The amplifier is cathode keyed, the 2.2uF cathode bypass capacitor provides envelope waveshaping to reduce key clicks. Transformer T2 transforms the high impedance plate circuit down to low impedance for driving the speaker. The cathode keying circuit has about 15V on it, which will not present any shock hazard on exposed Morse code key contacts. It is possible to key this circuit with an open-collector NPN transistor, this can be done if you want to drive the oscillator from an automatic keyer.


The code practice oscillator was built into a 4"x4"x2" electrical utility box. This type of box is normally used to mount two light switches. A solid box cover plate was used for the bottom of the box, rubber feet should be stuck to the plate to prevent scratching. If you can't find a box cover with the holes in the right place, it is easy to drill a few new holes in a standard 4"x4" cover plate.

The 9 pin 6U8A tube socket was installed into a knockout hole on the top of the box, two holes were drilled for the socket mounts. Appropriate holes were drilled for the speaker and key jacks and the volume control. One multi-point terminal strip was installed inside the box and components were connected using the point-to-point wiring method.

The two transformers are held against the sides of the box using Panduit ties that loop through holes in the box. The power input wiring harness uses a standard 4 pin male PC power supply connector, these can often be found inside of junk computers. The associated power supply has an equivalent female connector.

Parts Sources

A well-stocked junk box is the first place to start, your author scrounged most of the parts for this project from discarded electronics. Home Depot, or any well-stocked hardware store will carry the electrical boxes and cover plates.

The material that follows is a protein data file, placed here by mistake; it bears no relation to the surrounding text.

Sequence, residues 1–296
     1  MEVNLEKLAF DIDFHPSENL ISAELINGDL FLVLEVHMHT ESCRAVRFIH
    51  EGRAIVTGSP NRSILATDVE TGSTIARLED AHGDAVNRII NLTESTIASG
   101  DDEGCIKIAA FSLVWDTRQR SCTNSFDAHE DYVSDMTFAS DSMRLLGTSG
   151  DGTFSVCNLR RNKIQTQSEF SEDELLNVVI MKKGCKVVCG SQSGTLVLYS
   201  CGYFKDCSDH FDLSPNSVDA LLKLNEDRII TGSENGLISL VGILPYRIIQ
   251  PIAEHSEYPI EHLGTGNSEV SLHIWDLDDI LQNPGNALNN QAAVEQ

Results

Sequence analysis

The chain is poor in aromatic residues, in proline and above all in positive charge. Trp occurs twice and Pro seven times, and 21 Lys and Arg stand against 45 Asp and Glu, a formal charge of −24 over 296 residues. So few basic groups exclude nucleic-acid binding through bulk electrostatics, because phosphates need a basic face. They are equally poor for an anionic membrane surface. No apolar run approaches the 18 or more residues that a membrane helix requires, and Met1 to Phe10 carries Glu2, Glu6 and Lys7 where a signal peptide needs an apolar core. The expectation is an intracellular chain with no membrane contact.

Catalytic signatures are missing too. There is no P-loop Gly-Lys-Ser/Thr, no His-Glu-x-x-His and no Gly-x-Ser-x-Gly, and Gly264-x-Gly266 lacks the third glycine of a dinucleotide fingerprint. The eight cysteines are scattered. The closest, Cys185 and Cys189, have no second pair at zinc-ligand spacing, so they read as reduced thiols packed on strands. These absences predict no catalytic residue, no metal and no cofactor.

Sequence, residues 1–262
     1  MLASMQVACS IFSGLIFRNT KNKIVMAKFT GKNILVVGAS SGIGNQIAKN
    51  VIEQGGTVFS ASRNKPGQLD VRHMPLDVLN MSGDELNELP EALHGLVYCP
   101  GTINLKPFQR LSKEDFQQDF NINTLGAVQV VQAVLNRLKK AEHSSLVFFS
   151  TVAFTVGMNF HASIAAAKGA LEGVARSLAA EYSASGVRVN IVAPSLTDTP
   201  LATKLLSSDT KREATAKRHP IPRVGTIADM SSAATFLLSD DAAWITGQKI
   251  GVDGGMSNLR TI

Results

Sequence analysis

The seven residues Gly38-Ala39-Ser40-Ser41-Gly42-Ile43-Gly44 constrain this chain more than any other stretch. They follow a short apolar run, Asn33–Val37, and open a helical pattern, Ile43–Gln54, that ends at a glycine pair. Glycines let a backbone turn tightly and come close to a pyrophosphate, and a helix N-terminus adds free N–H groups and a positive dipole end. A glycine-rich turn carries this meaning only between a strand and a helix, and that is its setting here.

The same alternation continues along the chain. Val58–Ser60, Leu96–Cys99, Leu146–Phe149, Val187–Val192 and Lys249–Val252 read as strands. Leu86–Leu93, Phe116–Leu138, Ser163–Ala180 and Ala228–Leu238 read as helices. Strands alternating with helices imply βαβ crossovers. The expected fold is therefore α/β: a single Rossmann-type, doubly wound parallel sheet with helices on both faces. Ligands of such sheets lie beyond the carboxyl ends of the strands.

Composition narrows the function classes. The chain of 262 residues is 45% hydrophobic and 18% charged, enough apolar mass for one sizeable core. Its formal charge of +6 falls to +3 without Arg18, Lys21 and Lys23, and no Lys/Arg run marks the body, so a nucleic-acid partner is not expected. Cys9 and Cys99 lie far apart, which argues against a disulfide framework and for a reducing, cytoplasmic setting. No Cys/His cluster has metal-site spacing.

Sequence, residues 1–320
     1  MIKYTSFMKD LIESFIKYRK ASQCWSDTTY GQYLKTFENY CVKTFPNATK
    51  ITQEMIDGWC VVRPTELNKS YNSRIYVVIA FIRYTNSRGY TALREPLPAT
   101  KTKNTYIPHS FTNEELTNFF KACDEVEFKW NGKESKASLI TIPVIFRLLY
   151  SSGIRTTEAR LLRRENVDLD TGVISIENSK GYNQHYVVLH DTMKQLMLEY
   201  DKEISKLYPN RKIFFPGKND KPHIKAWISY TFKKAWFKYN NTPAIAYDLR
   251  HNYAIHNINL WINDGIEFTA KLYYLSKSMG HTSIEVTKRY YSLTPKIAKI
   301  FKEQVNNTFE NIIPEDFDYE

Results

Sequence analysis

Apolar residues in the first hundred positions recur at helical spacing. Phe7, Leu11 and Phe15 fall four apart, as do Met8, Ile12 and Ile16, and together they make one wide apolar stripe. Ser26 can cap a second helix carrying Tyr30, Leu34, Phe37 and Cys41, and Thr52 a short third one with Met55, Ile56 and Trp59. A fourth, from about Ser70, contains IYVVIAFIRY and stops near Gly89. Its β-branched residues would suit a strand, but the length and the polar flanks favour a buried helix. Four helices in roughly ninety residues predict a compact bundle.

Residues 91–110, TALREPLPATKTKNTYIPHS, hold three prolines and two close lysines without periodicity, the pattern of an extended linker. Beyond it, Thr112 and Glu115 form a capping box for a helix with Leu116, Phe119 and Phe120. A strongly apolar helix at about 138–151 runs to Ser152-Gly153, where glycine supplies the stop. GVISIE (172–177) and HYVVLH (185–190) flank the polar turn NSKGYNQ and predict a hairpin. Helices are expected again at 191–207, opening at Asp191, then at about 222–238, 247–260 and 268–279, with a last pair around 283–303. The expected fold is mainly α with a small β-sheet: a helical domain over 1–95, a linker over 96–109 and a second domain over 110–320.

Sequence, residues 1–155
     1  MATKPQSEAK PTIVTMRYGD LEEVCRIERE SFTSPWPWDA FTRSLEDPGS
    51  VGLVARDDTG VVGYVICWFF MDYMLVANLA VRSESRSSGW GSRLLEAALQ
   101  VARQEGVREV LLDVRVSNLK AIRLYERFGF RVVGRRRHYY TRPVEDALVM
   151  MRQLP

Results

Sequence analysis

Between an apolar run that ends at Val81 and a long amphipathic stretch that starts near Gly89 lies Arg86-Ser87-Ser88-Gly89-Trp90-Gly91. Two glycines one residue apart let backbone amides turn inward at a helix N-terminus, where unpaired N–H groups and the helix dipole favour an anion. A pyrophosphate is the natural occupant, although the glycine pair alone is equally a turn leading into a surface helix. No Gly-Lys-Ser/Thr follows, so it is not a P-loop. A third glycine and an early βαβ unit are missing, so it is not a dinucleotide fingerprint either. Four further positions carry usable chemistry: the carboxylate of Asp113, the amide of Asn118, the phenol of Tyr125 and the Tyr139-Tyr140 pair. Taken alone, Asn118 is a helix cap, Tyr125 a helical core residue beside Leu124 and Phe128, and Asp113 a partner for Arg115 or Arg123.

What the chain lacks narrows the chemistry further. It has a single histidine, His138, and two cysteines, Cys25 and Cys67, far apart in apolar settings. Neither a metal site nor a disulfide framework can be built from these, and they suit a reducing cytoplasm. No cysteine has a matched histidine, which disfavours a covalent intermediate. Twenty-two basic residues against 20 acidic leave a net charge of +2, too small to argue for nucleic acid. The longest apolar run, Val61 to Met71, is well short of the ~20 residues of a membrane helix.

The split-bobbin transformers are Microtran PSD2-10 or Tamura 3FD-210 types, they have dual 120V primaries and dual 10V secondaries. The transformers are available from Mouser, Newark, Jameco or Digi-Key. The Digi-Key part number is MT2096-ND. Note that a slightly different transformer (Microtran PSS2-10) is used for T1 in the above photo. The secondary of the PSS2-10 differs frorm the PSD2-10, but only the primary is used, so either part can be used.

Although it is no longer being manufactured, the 6U8A tube is still very common since so many were produced. The 6U8A tube and tube socket can be found at Antique Electronic Supply or on eBay. Pin-compatible substitute tubes include the 6GH8A and 6EA8.

Alignment and Use

Connect the power supply, Morse code key and a speaker to the code practice oscillator. Apply power to the circuit and let it warm up for a minute.

Adjust the volume control to the center of its range and press the key. Adjust the Osc. Adjust trimmer for the best tone, this is typically the point where the volume rises then levels off.

If the oscillator does not produce a tone, check your wiring and be sure that the transformer windings are connected with the correct phasing.

Different speakers can produce very different volume levels, it is a good idea to try a variety of speakers until you find one that sounds good to your ears. A 4 ohm speaker will be somewhat quiet due to an impedance mismatch, 8 or 16 ohm speakers are recommended. A standard un-amplified computer speaker will work well with this oscillator.

Once you have a working Morse code oscillator, start sending Morse code and work on improving your "fist".